Verd S.,Hospital de la Santa Cruz y San Pablo | Barriuso L.,Baleares Breastfeeding Study Group | Gich I.,Hospital de la Santa Cruz y San Pablo | Gutierrez A.,Molecular Biology Unit | And 2 more authors.
Annals of Human Biology | Year: 2013

Background: Many studies have shown that children born small for gestational age are at a metabolic disadvantage. Breastfeeding is associated with reduced risk of developing metabolic syndrome. Objective: To determine whether ponderal index, weight, length or head circumference at birth affect early exclusive breastfeeding discontinuation. Design: Information from medical records of full-term infants attending the same paediatric clinic was used to examine the relationship between birth size and failure to breastfeed within 28 days after birth. Details of demographics and diagnoses were prospectively recorded. Feeding method was assessed at each child visit by their healthcare provider. Feeding practices were compared between infants of high, normal and low ponderal index at birth. Results: Multivariate models (p's ≤ 0.02) confirmed that the chance of exclusive breastfeeding continuation within 4 weeks of life was less in infants whose birth weight was below 2780 g or whose neonatal head circumference was < 33 cm. Birth length did not account for this effect. Ponderal index was not associated with a higher risk of early discontinuation of exclusive breastfeeding. Conclusions: This study reports that birth weight ≥ 2780 g and head circumference at birth ≥ 33 cm are independent predictors of breastfeeding onset success. © Informa UK, Ltd. Source


Verd S.,Hospital de la Santa Cruz y San Pablo | Lopez E.,Hospital de la Santa Cruz y San Pablo
Journal of Alternative and Complementary Medicine | Year: 2012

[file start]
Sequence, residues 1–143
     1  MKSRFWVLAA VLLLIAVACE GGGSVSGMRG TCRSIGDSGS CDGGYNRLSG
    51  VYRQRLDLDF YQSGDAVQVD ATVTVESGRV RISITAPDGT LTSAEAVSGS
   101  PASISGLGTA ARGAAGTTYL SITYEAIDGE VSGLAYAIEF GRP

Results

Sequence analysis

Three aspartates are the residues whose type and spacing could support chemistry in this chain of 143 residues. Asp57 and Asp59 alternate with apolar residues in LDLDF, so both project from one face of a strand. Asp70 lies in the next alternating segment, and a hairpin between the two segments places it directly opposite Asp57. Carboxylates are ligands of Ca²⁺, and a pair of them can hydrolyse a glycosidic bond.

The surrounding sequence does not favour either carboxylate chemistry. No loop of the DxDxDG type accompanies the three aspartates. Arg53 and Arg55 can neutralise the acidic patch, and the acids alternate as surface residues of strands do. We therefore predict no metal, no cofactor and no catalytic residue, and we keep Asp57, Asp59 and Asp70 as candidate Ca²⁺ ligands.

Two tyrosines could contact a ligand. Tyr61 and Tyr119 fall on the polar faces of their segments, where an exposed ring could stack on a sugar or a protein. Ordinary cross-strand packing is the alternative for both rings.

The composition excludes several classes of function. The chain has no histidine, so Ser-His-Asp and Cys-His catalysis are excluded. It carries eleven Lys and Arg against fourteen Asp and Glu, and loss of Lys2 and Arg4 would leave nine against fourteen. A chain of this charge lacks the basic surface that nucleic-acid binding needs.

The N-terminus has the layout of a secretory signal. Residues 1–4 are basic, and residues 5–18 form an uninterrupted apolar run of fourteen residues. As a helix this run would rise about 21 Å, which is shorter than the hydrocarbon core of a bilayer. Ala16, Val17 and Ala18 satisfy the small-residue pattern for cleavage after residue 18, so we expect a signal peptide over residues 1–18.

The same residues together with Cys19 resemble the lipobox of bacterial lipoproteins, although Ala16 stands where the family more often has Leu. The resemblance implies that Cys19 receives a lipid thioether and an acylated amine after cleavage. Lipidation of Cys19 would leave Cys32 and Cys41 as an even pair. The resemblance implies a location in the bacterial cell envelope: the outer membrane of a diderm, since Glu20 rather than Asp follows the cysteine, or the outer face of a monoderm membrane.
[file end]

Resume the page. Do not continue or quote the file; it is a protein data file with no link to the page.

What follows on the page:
Objectives: If a mother has contracted chickenpox, the antibodies in her milk confer immunity against chickenpox to her breastfed babies. This passive immunization may avoid or spare the breastfed babies' symptoms of chickenpox. It is hypothesized that frozen breast milk may shorten chickenpox duration because specific antibodies against varicella zoster have been detected in human milk and they are resistant to digestion and are stable in frozen milk. Design: The clinical outcomes of chickenpox in a 9-year-old boy and his father on frozen breast milk are reported. Settings: The study comprised a varicella-vaccine- refusing family attending a private office of pediatrics. Interventions and results: The boy presented with a crusted varicella rash. The medical history revealed premature cessation of the typical varicella rash on day 3. It was coincidental with a supply of frozen human milk by his mother. Next, the father (41 years old) of this patient contracted chickenpox: he was on frozen breast milk from day 2, and no new pox emerged thereafter. Conclusions: The rash spread and numbered 50 to 150 lesions on day 2. Instead, the typical rash was expected to appear in three successive crops of lesions throughout the first week. The disease usually numbers approximately 250-500 lesions in unvaccinated healthy persons. Frozen breast milk may shorten chickenpox duration. © 2012, Mary Ann Liebert, Inc. Source